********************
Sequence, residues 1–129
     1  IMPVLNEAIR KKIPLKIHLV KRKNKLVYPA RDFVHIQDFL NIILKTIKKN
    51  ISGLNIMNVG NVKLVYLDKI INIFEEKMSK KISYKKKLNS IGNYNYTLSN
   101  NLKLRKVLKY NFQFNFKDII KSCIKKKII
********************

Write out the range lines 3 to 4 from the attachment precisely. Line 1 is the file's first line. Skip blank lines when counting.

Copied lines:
    51  ISGLNIMNVG NVKLVYLDKI INIFEEKMSK KISYKKKLNS IGNYNYTLSN
   101  NLKLRKVLKY NFQFNFKDII KSCIKKKII